France 24 — Germany’s hardline former finance minister Wolfgang Schaeuble on Wednesday said he would have dreaded imposing on his country austerity measures like the ones he helped design for Greece.
With the worst of Greece’s eight-year economic crisis now over, Schaeuble said that seeing the southern European nation shrug off bailout crutches would be his “happiest moment“.
“According to the latest (information), it is thought that Greece will manage without new measures, and that it will regain access to the markets.”
Following three successive bailouts since 2010 which Germany played a key role in crafting, Greece’s gross national output fell by a quarter owing to broad pay cuts and tax hikes imposed to rein in runaway state spending.
Schaeuble insists that the painful mix, which also saw pensions slashed, was always Greece’s choice to make.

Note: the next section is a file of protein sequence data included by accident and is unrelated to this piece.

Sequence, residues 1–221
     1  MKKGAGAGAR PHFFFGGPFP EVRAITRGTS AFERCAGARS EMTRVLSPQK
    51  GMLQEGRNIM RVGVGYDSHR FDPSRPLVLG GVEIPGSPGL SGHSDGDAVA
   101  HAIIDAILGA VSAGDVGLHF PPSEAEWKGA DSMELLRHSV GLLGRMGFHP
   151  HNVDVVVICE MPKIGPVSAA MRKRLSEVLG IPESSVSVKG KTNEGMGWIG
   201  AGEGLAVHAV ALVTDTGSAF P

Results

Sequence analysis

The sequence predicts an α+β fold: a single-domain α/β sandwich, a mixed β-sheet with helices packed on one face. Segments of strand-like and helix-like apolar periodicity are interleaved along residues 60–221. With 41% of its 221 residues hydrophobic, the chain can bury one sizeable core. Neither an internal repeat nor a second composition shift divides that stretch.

“None of us ever wanted to harm Greece. We always fought to find the course Greece could follow towards improvement,” he said.
“It was always clear that nobody could pressure Greece. It was always clear that Greece was the one who decided,” he said.
Schaeuble also denied trying to push Athens out of the eurozone in 2015.
“Essentially all (European finance ministers) were of the view that the best thing for Greece would be to take time out (from the euro) with European backing,” he said.
Schaeuble also took a swipe at flamboyant former Greek finance minister Yanis Varoufakis, who has written a book about Prime Minister Alexis Tsipras’ failed attempt to revamp the bailout coming to power in 2015.
“To be honest, what Varoufakis says is so far removed from reality that I cannot really deal with it,” Schaeuble said.
The 75-year-old minister known for his caustic wit was nominated parliament speaker on Tuesday.
Chancellor Angela Merkel reportedly asked Schaeuble to take the post to rein in the far-right AfD in parliament.